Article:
U.S refiners have been processing a lot of crude so far this summer and utilization rates remain high. Crude production has leveled off and is expected by the Energy Information Administration’s (EIA) Short Term Energy Outlook to decline slightly during the second half of 2015. But the early summer market sentiment that drove crude prices up to $60/Bbl on the back of these fundamentals appears to have lost steam. Today we conclude our analysis of short term crude price prospects.
In the first part of this two-part series (see Why Are WTI Prices Stuck at $60/Bbl?) we looked at the evolution of crude prices for domestic benchmark West Texas Intermediate (WTI) since they began falling a year ago from a high over $107/Bbl in June 2014 to a low under $44/Bbl on March 17, 2015 – recovering since then to the $60/Bbl range in May and June. Last October falling crude prices set in motion a market condition known as contango where future prices are expected to be higher than spot prices today – encouraging the use of storage to “save” cheap crude today for use when prices recover (see Skipping The Crude Contango). This contango incentive led to a huge build up in crude oil inventory – especially at the Cushing, OK trading hub (where CME/NYMEX WTI futures contracts are delivered) as well as in the Gulf Coast region. Our analysis showed that since March 2015 – as the contango spread has narrowed – demand for crude has picked up as high margins encouraged refiners to process more oil nationwide. Higher demand for oil contributed to an end to the crude inventory build and a stock drawdown at Cushing and the Gulf Coast since April. With demand higher and an inventory drawdown combined with a narrowing contango - some analysts expected the WTI crude price “rehab” to $60/Bbl in April to continue towards $70 or even $75/Bbl. But prices have remained range bound close to $60/Bbl over the past two months amid continued concerns about an overall supply surplus versus demand. This time we look at crude production as well as imports to understand the demand for crude versus available supply and then relate these changing fundamentals back to prospects for a further crude price “rehab” this year.
Figure #1; Source: EIA, RBN Energy (Click to Enlarge)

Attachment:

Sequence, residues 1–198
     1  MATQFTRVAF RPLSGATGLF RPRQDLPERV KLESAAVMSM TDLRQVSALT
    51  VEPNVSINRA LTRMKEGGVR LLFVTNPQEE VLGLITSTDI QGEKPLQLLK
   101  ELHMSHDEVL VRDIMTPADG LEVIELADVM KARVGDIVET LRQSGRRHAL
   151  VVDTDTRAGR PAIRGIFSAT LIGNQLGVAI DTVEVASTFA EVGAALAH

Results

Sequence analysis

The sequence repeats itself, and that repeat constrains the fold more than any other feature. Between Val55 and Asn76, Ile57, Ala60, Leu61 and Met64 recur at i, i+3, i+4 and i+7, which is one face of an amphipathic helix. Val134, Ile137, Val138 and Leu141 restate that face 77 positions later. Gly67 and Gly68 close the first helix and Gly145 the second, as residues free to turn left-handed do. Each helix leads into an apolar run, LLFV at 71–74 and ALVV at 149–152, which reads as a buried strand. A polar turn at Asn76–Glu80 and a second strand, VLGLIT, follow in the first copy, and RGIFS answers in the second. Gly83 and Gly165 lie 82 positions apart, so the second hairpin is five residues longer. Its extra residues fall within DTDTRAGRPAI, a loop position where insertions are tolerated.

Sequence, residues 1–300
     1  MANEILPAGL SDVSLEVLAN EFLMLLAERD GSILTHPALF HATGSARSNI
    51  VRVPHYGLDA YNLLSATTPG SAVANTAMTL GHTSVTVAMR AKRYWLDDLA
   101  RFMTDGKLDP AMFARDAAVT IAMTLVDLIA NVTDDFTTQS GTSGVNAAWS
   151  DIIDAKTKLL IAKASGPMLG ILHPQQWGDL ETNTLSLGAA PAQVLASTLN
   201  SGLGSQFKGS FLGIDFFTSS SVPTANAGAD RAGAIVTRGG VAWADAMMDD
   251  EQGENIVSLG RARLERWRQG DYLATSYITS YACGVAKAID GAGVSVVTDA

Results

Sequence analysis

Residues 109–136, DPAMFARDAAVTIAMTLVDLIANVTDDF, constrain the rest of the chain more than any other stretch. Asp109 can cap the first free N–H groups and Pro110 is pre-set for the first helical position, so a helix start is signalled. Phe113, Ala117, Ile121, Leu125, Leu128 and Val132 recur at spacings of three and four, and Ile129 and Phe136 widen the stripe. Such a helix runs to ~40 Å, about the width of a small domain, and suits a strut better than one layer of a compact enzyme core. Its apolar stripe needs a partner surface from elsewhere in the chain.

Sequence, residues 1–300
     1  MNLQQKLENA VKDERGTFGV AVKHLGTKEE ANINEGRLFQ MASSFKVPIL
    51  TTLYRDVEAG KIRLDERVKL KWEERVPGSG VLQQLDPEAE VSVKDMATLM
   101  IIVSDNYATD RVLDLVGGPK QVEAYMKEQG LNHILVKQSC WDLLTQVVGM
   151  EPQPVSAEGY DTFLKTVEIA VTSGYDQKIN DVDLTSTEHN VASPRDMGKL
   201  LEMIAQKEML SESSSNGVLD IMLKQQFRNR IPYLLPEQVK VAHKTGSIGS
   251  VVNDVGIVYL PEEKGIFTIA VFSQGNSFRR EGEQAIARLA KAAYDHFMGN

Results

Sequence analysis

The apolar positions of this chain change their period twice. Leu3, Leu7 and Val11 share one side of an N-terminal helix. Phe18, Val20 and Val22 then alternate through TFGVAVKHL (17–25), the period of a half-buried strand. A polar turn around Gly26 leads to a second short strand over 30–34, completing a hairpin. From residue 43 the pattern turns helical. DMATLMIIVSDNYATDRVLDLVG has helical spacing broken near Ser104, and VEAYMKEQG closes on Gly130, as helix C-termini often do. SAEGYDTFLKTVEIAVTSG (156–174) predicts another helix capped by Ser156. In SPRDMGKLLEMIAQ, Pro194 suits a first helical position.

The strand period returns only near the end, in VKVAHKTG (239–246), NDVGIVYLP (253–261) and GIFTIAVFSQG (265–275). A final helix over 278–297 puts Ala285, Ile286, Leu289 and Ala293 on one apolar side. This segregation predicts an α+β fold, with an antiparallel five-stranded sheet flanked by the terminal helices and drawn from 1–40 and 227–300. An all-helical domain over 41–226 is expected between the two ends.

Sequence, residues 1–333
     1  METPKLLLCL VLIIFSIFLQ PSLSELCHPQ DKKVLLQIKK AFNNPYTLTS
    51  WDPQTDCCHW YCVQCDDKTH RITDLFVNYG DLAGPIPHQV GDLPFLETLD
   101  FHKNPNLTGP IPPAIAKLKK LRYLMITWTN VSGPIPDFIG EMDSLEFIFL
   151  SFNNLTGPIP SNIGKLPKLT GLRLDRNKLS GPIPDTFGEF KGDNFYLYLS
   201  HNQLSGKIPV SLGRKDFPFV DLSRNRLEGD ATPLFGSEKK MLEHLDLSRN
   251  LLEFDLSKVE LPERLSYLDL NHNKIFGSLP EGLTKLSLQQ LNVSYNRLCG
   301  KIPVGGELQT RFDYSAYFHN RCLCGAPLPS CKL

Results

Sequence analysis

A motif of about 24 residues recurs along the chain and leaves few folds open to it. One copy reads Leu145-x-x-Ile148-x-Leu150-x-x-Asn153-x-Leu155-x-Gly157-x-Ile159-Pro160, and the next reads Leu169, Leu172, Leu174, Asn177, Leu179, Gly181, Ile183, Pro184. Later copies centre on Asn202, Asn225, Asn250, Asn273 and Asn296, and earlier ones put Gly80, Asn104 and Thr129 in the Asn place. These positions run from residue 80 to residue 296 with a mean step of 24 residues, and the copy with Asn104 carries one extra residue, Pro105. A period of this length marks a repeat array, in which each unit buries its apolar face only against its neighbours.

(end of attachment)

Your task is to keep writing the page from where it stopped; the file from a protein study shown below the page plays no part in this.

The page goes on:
The chart in Figure #1 details the U.S. crude supply/demand position over the past year. The data is derived from weekly and monthly reports published by the EIA. There are 3 data series plotted on the left axis in million barrels/day (MMb/d). The first is crude production (light blue shaded area). The EIA provide weekly estimates of U.S. crude production but these are largely based on model estimates so that they tend to lag behind “actual” data. So for this analysis we used EIA monthly actual crude production data up until April 2015 and then estimates of production from the EIA short term energy outlook (STEO) forecast. According to that data actual crude production in April 2015 was 9.70 MMb/d and the STOE forecast was flat between April and June before showing a 300 Mb/d decline in the second half of 2015. The second data series on the left axis is weekly crude oil net imports (pink shaded area - stacked on top of production). Net imports are crude imports less exports. Net import volumes fluctuated between 6-8 MMb/d over the period but were on average 350 Mb/d lower in the first half of 2015 than in the last half of 2014. The third data series against the left axis is Apparent Demand (blue line). We previously explained how apparent demand is calculated for gasoline (see No Apparent Demand). The calculation adds crude production and net imports to an estimate of how much crude is placed into or taken out of inventory during a given period (in this case weekly). This is a bit easier to understand if you look at the blue line on the chart relative to the pink shaded area. If the blue line is above the shaded area that indicates apparent demand is higher than supplies from imports and production – reflecting a drawdown in inventories. If the blue line is within the pink shaded area then apparent demand is lower than imports and production – reflecting a stock build. The area of the chart inside the grey oval – where the blue line is mostly within the pink) is the period of major inventory build between October 2014 and April 2015. As we discussed in Part 1 refiners have ramped up crude processing since March – causing apparent demand to exceed imports and production and a subsequent drawdown in inventories. Right at the end of the chart the blue line dips back into the pink – reflecting the slight increase in crude inventories reported by EIA for the last week of June 2015.
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